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Nanoplasmonic Devices Funded

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BELFAST, Northern Ireland, and LONDON, Sept. 4, 2009 -- Queen's University Belfast and Imperial College London will establish a research program on the fundamental science of nanoplasmonic devices under a new £6 million (about $9.8 million) grant from the Engineering and Physical Sciences Research Council (EPSRC) that was announced this week.

Nanoplasmonic devices' key components are tiny nanoscale metal structures - more then 100 times smaller than the width of a human hair - that guide and direct light. The structures have been tailor-made to interact with light in an unusual and highly controlled way. This means they could one day be used to build new kinds of superhigh-speed optical computers that process information using light signals instead of the electric currents.

Professor Anatoly Zayats of the School of Maths and Physics at Queen's University Belfast, who is beginning work on a new £6m project to develop 'super-fast computers' with colleagues at Imperial College London. (Image: Copyright ©Queen's University Belfast)

The researchers are developing a raft of new metallic devices including tiny nanoscale sources of light, nanoscale waveguides to guide light along a desired route, and nanoscale detectors to pick up the light signals.

Similar approaches may also help in the development of devices for faster Internet services.

"This is basic research into how light interacts with matter on the nanoscale. But we will work together with and listen to our industrial partners to direct research in the direction that hopefully will lead to new improved products and services that everyone can buy from the shelf," said professor Anatoly Zayats of Queen’s University’s Centre for Nanostructured Media, who leads the project.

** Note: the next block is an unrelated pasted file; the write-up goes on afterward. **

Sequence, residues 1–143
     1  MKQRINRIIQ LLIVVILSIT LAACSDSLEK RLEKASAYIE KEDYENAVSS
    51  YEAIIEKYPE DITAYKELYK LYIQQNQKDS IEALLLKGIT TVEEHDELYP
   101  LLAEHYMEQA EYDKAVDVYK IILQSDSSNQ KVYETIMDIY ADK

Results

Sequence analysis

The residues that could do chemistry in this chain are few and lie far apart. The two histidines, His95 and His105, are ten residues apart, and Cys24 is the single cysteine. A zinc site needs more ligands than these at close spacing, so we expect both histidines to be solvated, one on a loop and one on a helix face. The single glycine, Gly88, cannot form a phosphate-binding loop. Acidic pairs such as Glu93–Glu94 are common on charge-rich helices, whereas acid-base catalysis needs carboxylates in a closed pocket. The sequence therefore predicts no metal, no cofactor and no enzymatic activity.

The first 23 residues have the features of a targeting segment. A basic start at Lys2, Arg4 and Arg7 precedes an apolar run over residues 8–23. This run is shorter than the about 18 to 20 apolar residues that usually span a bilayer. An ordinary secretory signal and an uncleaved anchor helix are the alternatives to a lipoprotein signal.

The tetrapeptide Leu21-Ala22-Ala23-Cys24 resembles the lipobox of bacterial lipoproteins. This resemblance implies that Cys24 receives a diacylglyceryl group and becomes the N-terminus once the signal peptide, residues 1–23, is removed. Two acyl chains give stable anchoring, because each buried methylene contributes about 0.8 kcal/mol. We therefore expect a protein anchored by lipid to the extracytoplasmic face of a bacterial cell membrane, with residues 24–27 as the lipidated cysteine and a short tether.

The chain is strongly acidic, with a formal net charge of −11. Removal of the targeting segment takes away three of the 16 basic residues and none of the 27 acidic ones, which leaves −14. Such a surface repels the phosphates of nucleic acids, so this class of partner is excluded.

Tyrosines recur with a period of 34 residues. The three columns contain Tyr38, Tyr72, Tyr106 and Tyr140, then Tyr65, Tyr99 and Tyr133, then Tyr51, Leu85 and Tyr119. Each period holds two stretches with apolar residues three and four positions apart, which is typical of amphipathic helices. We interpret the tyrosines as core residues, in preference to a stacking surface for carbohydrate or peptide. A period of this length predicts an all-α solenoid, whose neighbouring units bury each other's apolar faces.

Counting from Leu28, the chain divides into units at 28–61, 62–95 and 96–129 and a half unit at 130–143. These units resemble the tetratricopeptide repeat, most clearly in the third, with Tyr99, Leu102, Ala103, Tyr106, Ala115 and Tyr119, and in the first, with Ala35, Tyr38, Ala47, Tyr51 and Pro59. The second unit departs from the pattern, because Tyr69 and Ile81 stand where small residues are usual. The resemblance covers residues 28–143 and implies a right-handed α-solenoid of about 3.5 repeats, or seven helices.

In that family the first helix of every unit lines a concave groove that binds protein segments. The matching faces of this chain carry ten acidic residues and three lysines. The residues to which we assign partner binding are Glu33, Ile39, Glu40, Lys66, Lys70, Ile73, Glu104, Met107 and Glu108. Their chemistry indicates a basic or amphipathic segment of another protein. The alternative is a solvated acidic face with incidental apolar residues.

“This is an exciting step towards developing computers that use light waves, not electrical current, to handle data and process information. This will also open the door to a world of possibilities in scientific fields at the interface with the biosciences, and perhaps even in the world of personal computing,” added professor Stefan Maier, who leads the research team at Imperial.

The project is also supported by Intel, Seagate, Ericsson, Oxonica, IMEC and the National Physics Laboratory.

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Sep 2009
Electromagnetic radiation detectable by the eye, ranging in wavelength from about 400 to 750 nm. In photonic applications light can be considered to cover the nonvisible portion of the spectrum which includes the ultraviolet and the infrared.
The technology of generating and harnessing light and other forms of radiant energy whose quantum unit is the photon. The science includes light emission, transmission, deflection, amplification and detection by optical components and instruments, lasers and other light sources, fiber optics, electro-optical instrumentation, related hardware and electronics, and sophisticated systems. The range of applications of photonics extends from energy generation to detection to communications and...
Anatoly ZayatsBasic SciencebioscienceCentre for Nanostructured MediacurrentdataelectricEngineering and Physical Sciences Research CouncilEricssonIMECImperial CollegeindustrialIntelInternetlightlight wavesnanonanoplasmonicnanoscaleNational Physics LaboratoryNews & Featuresoptical computersopticsOxonicaphotonicsQueens UniversityResearch & TechnologySeagateSensors & DetectorsStefan Maierwaveguides

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